by Karen Topakian
Last week when our Sunday Chron newspaper didn’t arrive I walked around the corner to our favorite market, Bi-Rite, to buy a copy along with one red pepper that Peg needed for dinner. On my short walk back home, I looked at the sales receipt and noted that both items cost nearly the same amount of money. $2.64 for the pepper, $2.74 for the paper.
Yup. One good sized organic red pepper cost the same as the Sunday edition of the San Francisco Chronicle.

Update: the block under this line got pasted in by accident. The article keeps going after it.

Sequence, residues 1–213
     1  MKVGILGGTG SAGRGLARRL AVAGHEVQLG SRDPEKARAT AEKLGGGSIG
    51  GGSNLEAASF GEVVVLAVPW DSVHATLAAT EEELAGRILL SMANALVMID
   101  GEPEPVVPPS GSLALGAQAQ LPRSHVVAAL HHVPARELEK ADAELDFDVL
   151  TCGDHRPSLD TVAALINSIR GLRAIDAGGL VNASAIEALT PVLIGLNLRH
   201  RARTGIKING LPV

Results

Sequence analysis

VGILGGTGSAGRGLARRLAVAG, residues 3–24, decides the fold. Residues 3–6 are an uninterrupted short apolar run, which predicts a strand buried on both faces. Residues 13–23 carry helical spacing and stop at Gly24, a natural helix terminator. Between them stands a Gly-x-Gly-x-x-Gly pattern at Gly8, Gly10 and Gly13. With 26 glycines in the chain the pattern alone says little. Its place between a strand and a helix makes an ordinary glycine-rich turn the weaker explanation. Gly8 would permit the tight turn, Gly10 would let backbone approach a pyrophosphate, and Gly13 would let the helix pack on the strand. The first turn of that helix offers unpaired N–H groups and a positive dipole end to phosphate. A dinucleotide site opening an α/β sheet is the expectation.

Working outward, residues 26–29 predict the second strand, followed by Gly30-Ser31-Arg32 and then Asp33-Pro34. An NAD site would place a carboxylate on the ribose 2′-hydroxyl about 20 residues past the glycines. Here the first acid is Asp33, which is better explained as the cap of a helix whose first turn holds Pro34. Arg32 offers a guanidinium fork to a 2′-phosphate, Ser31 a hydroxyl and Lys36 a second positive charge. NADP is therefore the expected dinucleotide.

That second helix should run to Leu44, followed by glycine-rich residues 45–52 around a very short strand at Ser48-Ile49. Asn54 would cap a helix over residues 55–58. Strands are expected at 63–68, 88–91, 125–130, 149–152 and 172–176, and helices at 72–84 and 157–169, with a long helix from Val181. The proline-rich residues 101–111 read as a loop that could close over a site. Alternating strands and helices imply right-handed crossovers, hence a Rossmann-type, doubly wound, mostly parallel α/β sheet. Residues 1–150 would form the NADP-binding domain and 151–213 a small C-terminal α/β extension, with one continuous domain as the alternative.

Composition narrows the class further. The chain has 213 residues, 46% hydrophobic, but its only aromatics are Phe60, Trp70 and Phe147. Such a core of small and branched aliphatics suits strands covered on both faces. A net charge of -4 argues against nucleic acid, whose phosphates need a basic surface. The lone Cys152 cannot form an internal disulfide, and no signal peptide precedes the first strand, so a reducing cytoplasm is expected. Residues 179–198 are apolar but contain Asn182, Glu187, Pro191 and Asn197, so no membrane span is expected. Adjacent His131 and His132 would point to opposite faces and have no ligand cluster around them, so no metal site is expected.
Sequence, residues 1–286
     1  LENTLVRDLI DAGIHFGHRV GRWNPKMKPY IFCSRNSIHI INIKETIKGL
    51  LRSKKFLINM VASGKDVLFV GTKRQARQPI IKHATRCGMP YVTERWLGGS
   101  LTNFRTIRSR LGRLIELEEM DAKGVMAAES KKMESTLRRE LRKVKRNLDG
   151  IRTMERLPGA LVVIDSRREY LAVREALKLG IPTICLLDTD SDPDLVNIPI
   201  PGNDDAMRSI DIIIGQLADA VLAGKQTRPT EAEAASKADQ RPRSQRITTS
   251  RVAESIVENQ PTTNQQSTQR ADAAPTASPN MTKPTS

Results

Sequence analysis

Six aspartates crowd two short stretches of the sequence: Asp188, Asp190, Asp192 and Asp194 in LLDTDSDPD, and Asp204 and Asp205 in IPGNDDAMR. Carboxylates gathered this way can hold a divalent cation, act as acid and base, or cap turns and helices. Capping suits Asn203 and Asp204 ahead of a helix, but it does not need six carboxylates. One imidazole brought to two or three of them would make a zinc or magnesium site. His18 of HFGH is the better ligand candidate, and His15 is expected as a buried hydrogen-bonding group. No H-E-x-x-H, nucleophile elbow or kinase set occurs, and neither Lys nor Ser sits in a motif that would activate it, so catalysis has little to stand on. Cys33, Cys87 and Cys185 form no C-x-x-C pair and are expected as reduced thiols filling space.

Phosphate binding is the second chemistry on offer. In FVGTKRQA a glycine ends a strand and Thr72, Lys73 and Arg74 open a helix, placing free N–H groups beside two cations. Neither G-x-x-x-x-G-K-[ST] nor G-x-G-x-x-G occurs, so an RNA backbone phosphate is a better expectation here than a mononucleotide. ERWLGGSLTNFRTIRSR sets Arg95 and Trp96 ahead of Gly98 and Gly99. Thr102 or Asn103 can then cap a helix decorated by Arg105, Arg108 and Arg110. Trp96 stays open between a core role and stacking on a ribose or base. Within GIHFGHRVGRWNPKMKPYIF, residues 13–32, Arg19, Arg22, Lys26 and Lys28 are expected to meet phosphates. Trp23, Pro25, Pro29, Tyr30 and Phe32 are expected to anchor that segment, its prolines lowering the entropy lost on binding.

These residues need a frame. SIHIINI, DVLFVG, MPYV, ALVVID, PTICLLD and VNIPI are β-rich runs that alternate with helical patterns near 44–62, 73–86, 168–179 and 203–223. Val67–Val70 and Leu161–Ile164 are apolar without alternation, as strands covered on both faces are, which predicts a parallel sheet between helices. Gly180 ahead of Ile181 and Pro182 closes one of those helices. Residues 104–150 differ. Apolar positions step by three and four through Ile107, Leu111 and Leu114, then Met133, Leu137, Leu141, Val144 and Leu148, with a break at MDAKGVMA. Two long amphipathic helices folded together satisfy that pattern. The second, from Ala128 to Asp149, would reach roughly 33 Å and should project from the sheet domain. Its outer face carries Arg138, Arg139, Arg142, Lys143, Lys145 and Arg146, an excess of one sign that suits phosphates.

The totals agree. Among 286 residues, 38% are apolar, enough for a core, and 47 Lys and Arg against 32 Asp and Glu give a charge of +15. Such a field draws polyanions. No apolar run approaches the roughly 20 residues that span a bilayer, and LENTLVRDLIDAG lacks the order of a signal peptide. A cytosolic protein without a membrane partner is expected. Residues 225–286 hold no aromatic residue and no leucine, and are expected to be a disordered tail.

How could that be?
A lot of labor and resources go into producing a Sunday paper with its endless raft of advertisements plus the 15 sections that comprise the actual paper.
I know the pepper required resources, too. Land, water, soil, labor, fuel, transportation…
But is the labor of growing our food equal in value and cost to the labor that combines to write, edit, lay out, print and deliver the somewhat hefty Sunday paper?
Were they really equal in value or just equal in cost? And how is that determined? Is the price based on the true cost of production or what the market can bear?
Could one of my smart friends explain this to me? I’m stumped.